Stone handaxe

Lower Palaeolithic, about 800,000 years old
From Olduvai Gorge, Tanzania

The first signs of artistic endeavour?

This small handaxe from Bed IV in Olduvai Gorge is one of the most beautiful in the British Museum. It is made from quartz with attractive amethyst banding, a difficult material from which to make tools because it is extremely hard. The toolmaker would have had to hit with considerable force and accuracy to remove flakes and irregularities in the crystal structure could cause faulty removals. Such a high degree of difficulty makes the thin symmetrical shape of this piece a masterpiece of the toolmakers' art.

After roughing out the basic form of this handaxe, the maker went on to refine its shape, straighten its edges and thin it down. This added little to its usefulness: a simple, sharp quartz flake would have worked as well. It suggests that the skill invested in producing such beautiful and sometimes very large handaxes may have had other purposes. Perhaps some pieces were status symbols or part of courtship rituals used to attract a mate. Certainly such artefacts go beyond simple needs and functional demands. They suggest that early humans could envisage a certain end product and use it as a form of symbolic communication. In this sense, handaxes may be said to represent the earliest indication of artistic endeavour.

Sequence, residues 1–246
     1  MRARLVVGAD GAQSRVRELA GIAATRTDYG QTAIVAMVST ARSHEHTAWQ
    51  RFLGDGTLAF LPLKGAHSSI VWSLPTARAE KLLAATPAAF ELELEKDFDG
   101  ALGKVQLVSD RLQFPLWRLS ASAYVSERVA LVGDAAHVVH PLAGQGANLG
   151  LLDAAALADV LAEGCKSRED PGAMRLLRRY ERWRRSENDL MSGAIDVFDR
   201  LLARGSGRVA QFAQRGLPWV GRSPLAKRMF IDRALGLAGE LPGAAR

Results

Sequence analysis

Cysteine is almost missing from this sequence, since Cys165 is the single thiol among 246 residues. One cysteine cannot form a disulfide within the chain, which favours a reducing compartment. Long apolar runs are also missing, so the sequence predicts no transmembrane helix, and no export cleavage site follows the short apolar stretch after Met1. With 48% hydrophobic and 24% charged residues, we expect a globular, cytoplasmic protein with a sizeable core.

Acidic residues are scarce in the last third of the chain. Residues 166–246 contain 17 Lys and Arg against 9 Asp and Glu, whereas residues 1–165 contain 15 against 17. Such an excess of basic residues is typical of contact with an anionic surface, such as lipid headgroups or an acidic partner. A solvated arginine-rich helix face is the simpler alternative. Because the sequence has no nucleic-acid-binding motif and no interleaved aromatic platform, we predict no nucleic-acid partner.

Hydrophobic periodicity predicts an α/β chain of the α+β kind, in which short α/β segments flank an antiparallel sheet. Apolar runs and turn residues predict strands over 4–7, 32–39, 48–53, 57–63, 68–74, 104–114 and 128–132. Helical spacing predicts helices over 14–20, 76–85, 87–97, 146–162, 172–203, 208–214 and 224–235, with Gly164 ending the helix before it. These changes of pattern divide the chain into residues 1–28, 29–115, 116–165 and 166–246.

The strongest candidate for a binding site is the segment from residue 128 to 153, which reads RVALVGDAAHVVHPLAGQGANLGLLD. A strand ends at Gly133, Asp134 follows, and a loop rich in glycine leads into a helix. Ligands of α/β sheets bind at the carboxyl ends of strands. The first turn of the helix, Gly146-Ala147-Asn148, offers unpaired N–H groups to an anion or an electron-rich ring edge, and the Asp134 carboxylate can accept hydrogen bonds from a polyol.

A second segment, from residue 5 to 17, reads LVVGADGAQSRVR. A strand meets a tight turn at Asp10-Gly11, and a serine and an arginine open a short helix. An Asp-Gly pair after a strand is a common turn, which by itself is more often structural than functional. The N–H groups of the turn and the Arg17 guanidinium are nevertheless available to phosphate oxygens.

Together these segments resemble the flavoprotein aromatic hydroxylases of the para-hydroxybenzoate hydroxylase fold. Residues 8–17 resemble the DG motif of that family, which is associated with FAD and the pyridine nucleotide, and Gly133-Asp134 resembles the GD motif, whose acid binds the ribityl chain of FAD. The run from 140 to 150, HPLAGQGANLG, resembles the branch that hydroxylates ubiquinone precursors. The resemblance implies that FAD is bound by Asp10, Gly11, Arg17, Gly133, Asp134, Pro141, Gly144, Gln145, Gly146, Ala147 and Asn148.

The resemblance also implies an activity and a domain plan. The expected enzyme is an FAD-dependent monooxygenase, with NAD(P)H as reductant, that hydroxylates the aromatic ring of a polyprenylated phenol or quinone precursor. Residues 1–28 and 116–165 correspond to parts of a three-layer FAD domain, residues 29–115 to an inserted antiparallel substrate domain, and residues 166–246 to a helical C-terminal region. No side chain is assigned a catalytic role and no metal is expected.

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More information


L.S.B. Leakey, Olduvai Gorge (Cambridge, University Press, 1951)

K.D. Schick and N. Schick, Making silent stones speak. Hu (London, Weidenfeld and Nicolson, 1993)


Length: 136.000 mm
Width: 77.000 mm
Thickness: 41.000 mm

Museum number

P&E PRB 1934.12-14.83



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